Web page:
Cohiba is the hot brand for the Cubans at the moment. Not only are they adding the Siglo VI and the 10th anniversary humidor, they also have a new limited-production release in the works -- Cohiba Selección Reserva.
According to Ana Lopez, the head of marketing for Habanos, all the cigars in the selection are made from tobacco with at least two to three years of age. "This is very special, aged tobacco that has been selected for the highest quality," she said recently during a meeting in Madrid.
I am not sure what Lopez meant because I always thought that all Cohibas were produced with aged and higher quality tobacco. In fact, at the Club Havana dinner, during a brief speech about Siglo VI, Manuel Garcia of Habanos emphasized that Cohiba's tobacco is still fermented three times to create the smoothest and cleanest smoke possible.
The Cohiba Esplendido in the Reserve Selection that I smoked the day after the Siglo VI launch was an incredible smoke (95 points). It reminded me of the first Esplendidos I smoked in the early 1990s. It was rich and full of character, but it showed wonderful finesse and clarity. The aged tobacco definitely makes a difference. The selection consists of the Corona Especial (6 inches by 38 ring gauge), Esplendido (7 by 47), Robusto (4 7/8 by 50), Piramide (61/8 by 52) and a new vitola, or size, Media Corona (5 1/2 by 38). The cigars are sold in one cedar varnished box with a small selection of each: four Esplendidos, six Robustos, six Corona Especials, eight Piramides and six Media Coronas. (I originally thought the reserve Cohibas would be sold in individual boxes, but learned otherwise after seeing the final product in November in Havana.) The Media Corona is a special cigar made just for the Reserva line, and it will not be sold on a regular basis. The Reserva selection should be in the market early this year, as the Cubans were scheduled to start shipping in December.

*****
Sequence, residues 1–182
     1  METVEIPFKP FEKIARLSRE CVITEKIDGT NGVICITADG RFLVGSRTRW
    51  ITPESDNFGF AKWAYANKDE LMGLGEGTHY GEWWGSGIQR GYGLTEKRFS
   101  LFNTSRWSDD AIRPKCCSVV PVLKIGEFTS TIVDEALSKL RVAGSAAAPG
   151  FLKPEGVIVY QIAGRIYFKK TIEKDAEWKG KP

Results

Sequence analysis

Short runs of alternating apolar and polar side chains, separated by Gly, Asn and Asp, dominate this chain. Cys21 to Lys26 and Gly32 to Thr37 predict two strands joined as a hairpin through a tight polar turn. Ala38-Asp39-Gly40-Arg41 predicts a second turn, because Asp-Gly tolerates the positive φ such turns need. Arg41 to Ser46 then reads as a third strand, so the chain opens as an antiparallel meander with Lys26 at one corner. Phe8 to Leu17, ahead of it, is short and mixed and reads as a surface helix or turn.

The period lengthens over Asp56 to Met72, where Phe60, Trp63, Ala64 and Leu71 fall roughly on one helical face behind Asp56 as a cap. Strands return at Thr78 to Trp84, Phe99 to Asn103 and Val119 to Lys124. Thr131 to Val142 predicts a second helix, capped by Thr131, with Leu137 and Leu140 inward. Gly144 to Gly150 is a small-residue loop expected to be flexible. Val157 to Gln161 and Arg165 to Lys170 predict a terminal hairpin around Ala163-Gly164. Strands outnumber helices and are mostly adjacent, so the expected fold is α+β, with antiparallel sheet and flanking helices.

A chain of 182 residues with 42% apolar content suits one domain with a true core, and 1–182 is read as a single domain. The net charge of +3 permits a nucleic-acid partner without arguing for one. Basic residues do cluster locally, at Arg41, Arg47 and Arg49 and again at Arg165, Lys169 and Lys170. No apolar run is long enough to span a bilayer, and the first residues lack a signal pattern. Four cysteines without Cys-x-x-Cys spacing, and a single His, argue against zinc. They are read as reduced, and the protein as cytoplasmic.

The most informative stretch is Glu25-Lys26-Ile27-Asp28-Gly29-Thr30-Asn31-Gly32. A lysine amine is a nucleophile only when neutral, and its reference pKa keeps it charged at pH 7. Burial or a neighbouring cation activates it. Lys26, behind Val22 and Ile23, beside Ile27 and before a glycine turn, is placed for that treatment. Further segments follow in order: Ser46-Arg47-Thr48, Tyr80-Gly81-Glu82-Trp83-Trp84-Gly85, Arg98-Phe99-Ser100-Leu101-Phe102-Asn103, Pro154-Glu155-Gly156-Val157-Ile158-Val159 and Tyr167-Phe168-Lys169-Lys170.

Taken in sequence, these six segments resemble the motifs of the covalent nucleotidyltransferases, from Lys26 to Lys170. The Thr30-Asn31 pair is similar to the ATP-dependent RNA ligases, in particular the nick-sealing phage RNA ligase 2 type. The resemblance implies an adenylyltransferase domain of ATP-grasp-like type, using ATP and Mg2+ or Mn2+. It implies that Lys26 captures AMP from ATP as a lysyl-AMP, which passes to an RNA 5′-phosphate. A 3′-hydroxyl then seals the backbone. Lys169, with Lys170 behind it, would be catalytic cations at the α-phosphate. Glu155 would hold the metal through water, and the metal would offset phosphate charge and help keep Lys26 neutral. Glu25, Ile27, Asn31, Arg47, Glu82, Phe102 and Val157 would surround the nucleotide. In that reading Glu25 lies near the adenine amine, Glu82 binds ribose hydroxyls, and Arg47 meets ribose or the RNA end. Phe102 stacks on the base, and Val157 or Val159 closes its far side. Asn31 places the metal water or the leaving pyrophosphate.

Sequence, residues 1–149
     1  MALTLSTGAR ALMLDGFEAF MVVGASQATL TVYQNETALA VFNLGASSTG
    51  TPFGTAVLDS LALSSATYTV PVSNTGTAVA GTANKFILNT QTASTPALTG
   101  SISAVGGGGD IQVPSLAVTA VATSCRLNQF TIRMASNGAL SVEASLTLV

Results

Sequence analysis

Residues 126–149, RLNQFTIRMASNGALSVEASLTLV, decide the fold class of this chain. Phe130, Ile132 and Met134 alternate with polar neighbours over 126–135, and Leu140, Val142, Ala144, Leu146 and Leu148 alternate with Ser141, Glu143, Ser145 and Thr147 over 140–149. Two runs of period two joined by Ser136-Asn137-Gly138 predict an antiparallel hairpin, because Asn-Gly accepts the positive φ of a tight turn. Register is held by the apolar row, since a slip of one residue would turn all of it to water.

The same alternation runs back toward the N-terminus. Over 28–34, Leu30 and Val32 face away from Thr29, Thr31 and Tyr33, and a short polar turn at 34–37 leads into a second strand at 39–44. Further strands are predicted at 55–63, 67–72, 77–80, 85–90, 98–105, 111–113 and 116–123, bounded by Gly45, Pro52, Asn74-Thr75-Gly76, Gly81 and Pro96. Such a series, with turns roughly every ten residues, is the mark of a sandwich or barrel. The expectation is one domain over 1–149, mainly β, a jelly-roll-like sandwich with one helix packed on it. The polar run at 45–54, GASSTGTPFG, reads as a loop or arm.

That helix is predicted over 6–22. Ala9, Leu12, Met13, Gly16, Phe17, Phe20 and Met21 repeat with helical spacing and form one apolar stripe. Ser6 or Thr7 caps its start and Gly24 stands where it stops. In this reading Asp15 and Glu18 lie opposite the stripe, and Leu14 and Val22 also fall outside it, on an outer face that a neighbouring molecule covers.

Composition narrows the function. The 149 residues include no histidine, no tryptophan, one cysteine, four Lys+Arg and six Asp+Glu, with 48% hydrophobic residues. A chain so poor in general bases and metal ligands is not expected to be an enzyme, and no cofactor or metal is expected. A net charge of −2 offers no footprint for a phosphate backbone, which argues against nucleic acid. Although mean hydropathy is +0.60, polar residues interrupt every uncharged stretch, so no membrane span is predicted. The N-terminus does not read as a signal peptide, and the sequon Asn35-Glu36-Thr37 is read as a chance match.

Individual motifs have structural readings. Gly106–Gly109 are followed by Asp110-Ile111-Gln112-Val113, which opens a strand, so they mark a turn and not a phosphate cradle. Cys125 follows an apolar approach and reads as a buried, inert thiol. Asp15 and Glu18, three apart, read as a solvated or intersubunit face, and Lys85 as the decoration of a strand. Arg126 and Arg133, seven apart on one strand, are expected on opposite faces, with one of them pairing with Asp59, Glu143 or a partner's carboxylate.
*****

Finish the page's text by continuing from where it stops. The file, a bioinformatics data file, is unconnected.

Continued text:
The Cubans did not say how much of the Cohiba Selección Reserva they would produce, other than emphasizing that "it depends how much high-quality tobacco is available." However, sources say that they would like to make about 20,000 boxes. Prices are not expected to be much more than regular Cohiba Esplendidos, or slightly more than $325 a box.
In addition, the Cubans will soon be launching a "cleaned-up" version of the modish orange, black and white Cohiba band. Small packs are also in the works for the brand, including more five- and ten-packs of all the different sizes. You can expect to see some new Cohibas in aluminum tubes as well. There's even talk of a limited-edition humidor filled with 50 Montecristo "A"-sized Cohibas -- 9 inches long by 47 ring gauge.
Why the Cubans' sudden interest in developing Cohiba after a decade of neglect? Much of the strategy, according to sources at Habanos, is to emphasize the high quality of cigars from the island. Or as Garcia said during the Club Havana dinner, "Cohiba is the best example of Cuban efforts in tobacco." Of course, cynics might say that the Cubans are looking to increase their annual cigar export revenues through selling more expensive cigars such as Cohiba. Or that they have to create new sizes because of all the fake Cohiba Esplendidos on the market. Despite such criticism, the brand remains the island's most exclusive and best-made cigar, with perhaps the exception of Trinidad.